Screencast Videos

What is it?

​A screencast video features a recording of a computer or device screen and audio track. This style of video can be created nearly anywhere with a computer and microphone (or tablet). 

Why should I do it?

Instructor Presence

Instructor presence is an educator's ubiquity in a classroom via three modalities: cognitive, social, and teaching. At times, the lack of a physical space can make the online classroom feel devoid of an presence. Using a screencast can help establish your presence in the classroom because your voice can be heard by learners. 


Screencasting can be used as a means to demonstrate. This is valuable for reviewing and clarifying instructions, showing how to use applications, providing a walk-through of steps in a process, or demonstrating how to solve a problem.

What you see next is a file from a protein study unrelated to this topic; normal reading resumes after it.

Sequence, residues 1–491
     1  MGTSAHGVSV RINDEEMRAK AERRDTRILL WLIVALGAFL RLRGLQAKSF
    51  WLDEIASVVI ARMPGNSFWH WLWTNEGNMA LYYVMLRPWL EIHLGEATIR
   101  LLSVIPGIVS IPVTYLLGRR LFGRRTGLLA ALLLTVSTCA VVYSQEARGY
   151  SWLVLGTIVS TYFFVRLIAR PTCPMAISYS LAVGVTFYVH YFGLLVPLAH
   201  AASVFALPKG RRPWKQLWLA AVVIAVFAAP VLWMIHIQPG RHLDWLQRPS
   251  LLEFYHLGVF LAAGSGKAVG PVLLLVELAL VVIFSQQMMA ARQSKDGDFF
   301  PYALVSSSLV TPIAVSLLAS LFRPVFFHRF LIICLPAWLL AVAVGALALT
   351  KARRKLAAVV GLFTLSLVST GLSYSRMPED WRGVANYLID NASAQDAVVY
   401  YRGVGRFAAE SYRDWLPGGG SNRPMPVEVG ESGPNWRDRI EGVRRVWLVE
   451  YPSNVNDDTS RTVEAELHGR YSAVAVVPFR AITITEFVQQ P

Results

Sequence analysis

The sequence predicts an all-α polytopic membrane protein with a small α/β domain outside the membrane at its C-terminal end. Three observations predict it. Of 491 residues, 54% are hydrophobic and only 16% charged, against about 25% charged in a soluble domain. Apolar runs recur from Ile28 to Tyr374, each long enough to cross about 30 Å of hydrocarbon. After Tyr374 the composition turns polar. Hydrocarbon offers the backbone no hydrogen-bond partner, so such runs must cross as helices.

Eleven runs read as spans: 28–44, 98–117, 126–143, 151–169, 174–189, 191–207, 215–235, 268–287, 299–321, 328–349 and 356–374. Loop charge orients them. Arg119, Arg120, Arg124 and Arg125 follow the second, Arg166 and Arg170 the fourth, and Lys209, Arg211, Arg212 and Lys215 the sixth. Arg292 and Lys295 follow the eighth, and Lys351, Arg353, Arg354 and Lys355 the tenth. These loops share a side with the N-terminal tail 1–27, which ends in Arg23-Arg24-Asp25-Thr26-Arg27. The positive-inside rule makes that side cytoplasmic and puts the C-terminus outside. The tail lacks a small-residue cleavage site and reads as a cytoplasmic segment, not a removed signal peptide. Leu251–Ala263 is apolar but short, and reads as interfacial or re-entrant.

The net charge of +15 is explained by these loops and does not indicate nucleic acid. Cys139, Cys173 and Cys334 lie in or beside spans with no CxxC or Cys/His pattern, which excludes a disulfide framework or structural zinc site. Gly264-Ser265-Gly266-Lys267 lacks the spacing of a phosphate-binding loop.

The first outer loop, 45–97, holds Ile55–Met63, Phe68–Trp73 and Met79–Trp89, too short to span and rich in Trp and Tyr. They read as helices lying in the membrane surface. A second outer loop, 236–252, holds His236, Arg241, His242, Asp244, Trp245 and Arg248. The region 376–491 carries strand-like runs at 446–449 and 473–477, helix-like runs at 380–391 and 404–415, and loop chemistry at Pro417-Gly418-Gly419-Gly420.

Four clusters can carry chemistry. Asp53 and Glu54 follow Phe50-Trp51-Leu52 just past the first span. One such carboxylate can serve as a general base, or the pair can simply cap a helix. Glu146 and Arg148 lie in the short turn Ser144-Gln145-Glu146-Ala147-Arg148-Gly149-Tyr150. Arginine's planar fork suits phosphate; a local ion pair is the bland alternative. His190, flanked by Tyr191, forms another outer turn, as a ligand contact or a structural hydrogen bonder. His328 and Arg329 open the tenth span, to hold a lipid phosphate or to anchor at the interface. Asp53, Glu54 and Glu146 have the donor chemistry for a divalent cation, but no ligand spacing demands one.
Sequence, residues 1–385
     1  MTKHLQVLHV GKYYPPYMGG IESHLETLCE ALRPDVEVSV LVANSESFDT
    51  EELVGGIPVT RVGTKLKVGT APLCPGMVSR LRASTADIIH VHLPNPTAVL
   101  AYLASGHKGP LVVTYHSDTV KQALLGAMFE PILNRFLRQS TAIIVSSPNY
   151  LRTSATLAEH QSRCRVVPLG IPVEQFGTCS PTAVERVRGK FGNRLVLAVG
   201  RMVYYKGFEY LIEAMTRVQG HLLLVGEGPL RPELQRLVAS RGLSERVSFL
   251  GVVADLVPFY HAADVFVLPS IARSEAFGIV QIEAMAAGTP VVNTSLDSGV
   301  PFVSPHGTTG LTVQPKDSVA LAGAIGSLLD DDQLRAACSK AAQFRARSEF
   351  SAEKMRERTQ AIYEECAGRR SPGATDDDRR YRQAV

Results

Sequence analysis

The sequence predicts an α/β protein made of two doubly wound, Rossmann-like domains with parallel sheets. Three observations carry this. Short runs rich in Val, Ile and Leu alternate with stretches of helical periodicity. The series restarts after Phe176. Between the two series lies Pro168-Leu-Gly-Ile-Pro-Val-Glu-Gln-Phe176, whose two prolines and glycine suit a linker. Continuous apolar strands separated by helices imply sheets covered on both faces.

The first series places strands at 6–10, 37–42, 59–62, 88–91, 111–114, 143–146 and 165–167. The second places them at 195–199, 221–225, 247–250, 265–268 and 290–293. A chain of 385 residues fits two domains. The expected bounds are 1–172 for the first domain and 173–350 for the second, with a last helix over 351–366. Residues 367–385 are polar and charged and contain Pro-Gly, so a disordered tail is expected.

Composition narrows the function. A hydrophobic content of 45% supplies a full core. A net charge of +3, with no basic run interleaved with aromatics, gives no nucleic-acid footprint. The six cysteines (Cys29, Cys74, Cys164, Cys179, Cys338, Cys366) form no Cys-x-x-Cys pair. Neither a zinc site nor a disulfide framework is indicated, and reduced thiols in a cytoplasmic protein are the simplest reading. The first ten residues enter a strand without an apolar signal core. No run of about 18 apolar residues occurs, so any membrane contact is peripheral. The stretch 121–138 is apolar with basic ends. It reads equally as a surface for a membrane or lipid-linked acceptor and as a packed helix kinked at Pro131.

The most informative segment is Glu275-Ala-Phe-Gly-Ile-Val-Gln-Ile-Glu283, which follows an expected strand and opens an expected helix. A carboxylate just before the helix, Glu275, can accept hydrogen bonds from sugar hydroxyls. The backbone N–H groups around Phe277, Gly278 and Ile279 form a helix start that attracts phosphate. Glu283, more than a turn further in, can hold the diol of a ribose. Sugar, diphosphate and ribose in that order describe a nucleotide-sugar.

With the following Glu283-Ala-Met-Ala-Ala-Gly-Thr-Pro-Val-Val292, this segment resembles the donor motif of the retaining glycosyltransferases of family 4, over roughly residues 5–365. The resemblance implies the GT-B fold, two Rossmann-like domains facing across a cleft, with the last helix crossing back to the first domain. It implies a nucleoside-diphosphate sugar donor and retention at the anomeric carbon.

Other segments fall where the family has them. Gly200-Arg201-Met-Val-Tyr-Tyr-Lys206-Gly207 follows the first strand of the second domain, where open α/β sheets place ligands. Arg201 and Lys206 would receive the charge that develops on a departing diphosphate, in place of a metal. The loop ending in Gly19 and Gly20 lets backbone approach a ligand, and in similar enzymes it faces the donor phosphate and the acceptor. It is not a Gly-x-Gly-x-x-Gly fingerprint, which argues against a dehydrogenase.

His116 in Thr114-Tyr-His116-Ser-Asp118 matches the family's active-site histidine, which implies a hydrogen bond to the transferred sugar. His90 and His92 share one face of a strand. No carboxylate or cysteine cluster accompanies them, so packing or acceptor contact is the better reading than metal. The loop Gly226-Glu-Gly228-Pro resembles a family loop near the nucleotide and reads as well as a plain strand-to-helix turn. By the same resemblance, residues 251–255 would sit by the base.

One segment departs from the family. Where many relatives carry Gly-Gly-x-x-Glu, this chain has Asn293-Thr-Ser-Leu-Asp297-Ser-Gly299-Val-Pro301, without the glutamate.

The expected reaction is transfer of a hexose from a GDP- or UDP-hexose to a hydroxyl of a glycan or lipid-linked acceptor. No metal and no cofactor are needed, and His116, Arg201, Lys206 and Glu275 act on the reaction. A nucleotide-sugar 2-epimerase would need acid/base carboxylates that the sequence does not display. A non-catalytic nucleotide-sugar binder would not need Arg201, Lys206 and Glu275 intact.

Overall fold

Cognitive Load

Cognitive load is the amount of mental effort used in working memory. As students work to learn new information, we can help them manage cognitive load by adhering to the Modality Principle. This principle indicates that people learn better when presentations include animation and audio narration versus on screen text. Learn more about Designing for Learning.

What tools do I need?

  • webcam/microphone

  • a recording application

  • free video hosting

Free Application for Creating Screencast Videos


Screencast-O-Matic (SOM)

Record unlimited videos (up to 15 minutes per video). SOM can record your webcam and screen simultaneously. Save your video locally or publish directly to YouTube. ​​

Check out this example Screencast video about Google Chrome Experiments recorded with Screencast-O-Matic:



Clark, R. C., Mayer, R. E. (2011) e-Learning and the science of instruction; Proven guidelines for consumers and designers of multimedia learning (3). Hoboken, US: Pfeiffer.


Dreon, O. (2012). Applying multimedia principles to screencasting. Ret. July 27, 2017 from


Mayer, R. E. (2012). Multimedia learning. Cambridge: Cambridge University Press.


Mayer, R. E. (2014). The Cambridge handbook of multimedia learning. (2nd ed). New York: University of Cambridge.